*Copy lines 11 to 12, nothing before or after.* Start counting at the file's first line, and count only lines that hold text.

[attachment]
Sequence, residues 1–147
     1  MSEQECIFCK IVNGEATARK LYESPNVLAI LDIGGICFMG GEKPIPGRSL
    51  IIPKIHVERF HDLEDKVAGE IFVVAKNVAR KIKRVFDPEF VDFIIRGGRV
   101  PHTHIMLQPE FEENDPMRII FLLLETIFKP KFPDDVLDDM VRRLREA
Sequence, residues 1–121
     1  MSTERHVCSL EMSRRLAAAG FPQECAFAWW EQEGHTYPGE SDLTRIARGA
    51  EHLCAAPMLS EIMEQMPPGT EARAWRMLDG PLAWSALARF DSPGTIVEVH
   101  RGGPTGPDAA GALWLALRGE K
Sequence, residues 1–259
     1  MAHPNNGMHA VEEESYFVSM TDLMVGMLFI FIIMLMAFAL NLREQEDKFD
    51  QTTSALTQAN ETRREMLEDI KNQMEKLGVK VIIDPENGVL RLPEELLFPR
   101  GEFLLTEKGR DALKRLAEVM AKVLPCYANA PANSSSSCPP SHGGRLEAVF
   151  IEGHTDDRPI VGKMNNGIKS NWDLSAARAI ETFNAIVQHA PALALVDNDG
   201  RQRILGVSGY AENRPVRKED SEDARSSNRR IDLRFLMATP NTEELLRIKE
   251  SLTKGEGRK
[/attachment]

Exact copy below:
    51  QTTSALTQAN ETRREMLEDI KNQMEKLGVK VIIDPENGVL RLPEELLFPR
   101  GEFLLTEKGR DALKRLAEVM AKVLPCYANA PANSSSSCPP SHGGRLEAVF